The normal roentgen appearance of the pulmonary vasculature of an upright human being is typified by a caudal flow pattern because of gravity. The pressure differential between the apex and the base of the lung is approximately 22 mmHg in adults in the upright position.223 Therefore, more flow under higher distending pressure is expected in the lower-lobe vessels than in the upper. Normally, one sees very little vascularity above the hilum, whereas more and larger vessels are found below the hilum. Since the pulmonary resistance is normal, all vessels taper gradually in a treelike manner from the hilum toward the periphery of the lung. The right descending pulmonary artery measures 10 to 15 mm in diameter in males and 9 to 14 mm in females^24 (see 0* -Bi Fig. 12-2).
Abnormal pulmonary vascularity can be classified into two categories, either in terms of volume or in terms of distribution210 25 (0+;0; Table 12-4).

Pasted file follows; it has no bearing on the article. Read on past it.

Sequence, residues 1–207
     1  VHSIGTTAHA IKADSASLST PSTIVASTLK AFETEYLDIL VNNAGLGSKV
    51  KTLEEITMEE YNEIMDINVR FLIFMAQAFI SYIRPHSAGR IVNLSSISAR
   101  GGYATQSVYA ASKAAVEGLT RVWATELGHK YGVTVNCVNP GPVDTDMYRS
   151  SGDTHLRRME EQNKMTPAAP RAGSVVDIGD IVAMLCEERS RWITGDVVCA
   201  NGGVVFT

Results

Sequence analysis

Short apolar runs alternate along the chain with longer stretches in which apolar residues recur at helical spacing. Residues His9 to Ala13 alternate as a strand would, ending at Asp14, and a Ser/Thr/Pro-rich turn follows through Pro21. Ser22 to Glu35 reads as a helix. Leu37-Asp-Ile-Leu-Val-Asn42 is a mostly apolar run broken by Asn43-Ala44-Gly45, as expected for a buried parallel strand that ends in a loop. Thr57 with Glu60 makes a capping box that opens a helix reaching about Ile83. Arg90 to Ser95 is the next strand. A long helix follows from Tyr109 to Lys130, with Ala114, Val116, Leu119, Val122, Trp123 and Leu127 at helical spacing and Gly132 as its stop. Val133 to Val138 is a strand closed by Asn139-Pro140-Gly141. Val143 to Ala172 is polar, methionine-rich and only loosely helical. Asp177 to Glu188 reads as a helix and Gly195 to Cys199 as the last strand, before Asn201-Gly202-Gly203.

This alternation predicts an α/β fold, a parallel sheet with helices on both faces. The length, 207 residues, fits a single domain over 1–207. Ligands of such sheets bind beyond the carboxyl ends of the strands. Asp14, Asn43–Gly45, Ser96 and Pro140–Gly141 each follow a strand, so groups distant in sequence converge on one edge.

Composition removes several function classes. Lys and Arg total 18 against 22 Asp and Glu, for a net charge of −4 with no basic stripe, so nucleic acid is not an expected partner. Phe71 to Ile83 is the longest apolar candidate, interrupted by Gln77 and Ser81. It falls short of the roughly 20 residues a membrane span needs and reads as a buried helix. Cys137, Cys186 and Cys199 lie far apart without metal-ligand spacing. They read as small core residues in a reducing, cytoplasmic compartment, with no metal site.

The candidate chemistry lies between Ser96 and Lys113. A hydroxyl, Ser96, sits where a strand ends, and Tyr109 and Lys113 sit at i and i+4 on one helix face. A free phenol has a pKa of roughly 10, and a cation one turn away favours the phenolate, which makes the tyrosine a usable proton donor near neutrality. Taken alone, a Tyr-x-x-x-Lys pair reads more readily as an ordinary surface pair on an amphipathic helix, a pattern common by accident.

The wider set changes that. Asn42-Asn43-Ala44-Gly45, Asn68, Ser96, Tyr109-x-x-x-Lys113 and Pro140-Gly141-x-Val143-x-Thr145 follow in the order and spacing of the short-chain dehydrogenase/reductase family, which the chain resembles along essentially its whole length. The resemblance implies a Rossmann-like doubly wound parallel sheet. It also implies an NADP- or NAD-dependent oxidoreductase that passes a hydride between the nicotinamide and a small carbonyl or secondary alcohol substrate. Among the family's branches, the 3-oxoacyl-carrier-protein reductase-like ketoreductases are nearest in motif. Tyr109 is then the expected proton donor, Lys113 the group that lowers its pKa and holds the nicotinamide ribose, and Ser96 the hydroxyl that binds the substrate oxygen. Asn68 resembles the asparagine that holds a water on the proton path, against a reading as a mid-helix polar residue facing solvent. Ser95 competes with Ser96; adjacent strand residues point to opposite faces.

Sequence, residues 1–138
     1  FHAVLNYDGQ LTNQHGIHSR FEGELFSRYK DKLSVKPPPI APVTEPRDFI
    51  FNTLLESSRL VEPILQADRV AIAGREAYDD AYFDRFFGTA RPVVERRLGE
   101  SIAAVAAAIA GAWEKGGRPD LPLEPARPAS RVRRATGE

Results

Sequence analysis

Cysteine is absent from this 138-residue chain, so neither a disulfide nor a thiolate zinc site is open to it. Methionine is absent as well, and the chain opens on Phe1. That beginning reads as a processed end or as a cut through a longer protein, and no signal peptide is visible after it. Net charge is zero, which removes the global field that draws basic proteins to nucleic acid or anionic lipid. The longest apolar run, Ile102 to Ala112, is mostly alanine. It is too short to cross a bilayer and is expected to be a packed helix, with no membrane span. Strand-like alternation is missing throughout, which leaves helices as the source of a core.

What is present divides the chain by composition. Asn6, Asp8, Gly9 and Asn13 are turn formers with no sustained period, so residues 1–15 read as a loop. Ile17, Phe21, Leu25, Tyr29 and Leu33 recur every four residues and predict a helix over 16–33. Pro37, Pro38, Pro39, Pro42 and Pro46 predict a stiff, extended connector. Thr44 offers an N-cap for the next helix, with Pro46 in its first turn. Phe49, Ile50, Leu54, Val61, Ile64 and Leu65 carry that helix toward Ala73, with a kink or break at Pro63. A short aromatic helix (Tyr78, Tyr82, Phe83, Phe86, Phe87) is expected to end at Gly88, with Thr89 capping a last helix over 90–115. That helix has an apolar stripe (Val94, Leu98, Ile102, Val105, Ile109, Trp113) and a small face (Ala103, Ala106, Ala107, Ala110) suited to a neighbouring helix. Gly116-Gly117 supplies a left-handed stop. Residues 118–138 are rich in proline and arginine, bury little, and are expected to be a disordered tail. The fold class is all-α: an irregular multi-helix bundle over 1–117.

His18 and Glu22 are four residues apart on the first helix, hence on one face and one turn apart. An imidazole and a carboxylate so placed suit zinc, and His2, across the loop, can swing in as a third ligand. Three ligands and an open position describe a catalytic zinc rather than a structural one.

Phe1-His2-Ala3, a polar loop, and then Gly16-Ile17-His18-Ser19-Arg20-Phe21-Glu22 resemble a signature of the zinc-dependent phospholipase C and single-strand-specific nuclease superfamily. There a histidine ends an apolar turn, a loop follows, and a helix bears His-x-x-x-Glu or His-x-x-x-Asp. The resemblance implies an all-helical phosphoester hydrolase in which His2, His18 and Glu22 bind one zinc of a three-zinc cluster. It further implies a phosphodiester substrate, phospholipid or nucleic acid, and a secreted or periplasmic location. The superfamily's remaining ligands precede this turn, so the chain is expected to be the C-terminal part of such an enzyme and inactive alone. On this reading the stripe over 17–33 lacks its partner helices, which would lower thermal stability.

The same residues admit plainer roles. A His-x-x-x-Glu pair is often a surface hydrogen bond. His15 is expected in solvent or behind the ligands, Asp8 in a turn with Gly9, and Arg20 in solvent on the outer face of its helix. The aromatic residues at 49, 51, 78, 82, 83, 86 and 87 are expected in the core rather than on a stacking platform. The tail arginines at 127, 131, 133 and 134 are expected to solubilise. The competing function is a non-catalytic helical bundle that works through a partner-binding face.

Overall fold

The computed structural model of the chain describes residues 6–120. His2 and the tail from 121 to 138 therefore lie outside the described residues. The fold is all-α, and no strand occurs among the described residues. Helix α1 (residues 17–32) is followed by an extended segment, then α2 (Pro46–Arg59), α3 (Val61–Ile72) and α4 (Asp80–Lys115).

In the evaluation of pulmonary vasculature, the caliber of the vessels is more important than the length or the number. As long as the PBF pattern remains normal, with a greater amount of flow to the bases than to the apices, the volume of the flow is proportional to the caliber of the pulmonary arteries (see Fig. 12-2). In addition to measuring the right descending pulmonary artery, one also may assess the pulmonary blood volume by comparing the size of the pulmonary artery with that of the accompanying bronchus where they are viewed on end. Normally, the two structures have approximately equal diameters.2,26 When the artery-bronchus ratio is greater than unity, increased blood flow is suggested. Conversely, when the ratio is smaller than unity (see Fig. 12-2), decreased flow is likely.
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